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CONSUMER PRICE INDEX Wednesday, Feb. 20, 8:30 a.m.

Consumer prices were probably unchanged in January, according to economists surveyed by MMS International, a division of McGraw-Hill Inc. If correct, the expected price performance in January would be the smallest change in the CPI since August, 1989, and would indicate that the recession is finally reining in price hikes. Consumer prices advanced 0.3% in December and increased 6.1% for all of 1990. Fuel costs likely fell last month, while the loss of crops in California during the December freeze will boost the prices of many foods. Economists also expect that the CPI, excluding the volatile food and energy components, rose about 0.2% in January, after a 0.4% gain in December. Nonfood, nonfuel inflation increased a rapid 5.2% last year.

HOUSING STARTS Wednesday, Feb. 20, 8:30 a.m.

The MMS consensus is that housing starts fell once again in January, to an annual rate of just 970,000. In December, starts dropped 12% to a pace of 987,000. That was the 10th decline in 11 months. New homebuilding is being decimated by increasing credit restrictions, a glut of new and existing homes already on the market, and the softness in home prices in certain regions, which is preventing some homeowners from moving up to more expensive housing.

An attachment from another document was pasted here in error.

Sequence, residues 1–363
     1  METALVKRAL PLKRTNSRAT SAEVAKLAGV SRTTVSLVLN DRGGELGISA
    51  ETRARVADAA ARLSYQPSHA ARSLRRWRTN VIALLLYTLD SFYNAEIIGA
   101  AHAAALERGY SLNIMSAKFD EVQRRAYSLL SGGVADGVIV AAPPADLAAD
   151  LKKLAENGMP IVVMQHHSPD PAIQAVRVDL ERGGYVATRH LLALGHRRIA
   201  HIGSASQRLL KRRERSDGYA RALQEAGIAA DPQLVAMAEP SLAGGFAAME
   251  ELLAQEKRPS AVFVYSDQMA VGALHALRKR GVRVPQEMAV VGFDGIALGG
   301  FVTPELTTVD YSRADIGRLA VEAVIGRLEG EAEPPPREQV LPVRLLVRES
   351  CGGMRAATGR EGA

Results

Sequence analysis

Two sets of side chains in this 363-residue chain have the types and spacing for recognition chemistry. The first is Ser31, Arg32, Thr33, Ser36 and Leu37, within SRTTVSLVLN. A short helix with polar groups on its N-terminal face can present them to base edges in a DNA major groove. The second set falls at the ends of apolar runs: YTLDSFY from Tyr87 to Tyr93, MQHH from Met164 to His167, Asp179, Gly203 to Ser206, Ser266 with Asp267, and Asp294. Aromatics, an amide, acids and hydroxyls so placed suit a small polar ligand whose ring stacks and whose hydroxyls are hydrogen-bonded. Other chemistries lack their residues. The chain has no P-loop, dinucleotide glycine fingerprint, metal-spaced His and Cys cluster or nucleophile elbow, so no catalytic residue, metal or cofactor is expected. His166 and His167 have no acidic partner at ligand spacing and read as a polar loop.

FEDERAL BUDGET Friday, Feb. 22, 2 p.m.

The U. S. government will likely post a small deficit of $2.1 billion in January, according to the MMS economists. In January, 1990, the budget had an $8.2 billion surplus. But the Persian Gulf war and the recession are making added demands on Washington. In the first quarter of fiscal 1991, which began on Oct. 1, outlays increased 13.9% from a year earlier, while government receipts rose 10.7%. As the recession and war continue, the gap between spending and taxes will widen further. The Bush Administration has already projected a record $318.1 billion deficit for this year and a $280.9 billion gap for 1992.JAMES C. COOPER AND KATHLEEN MADIGAN

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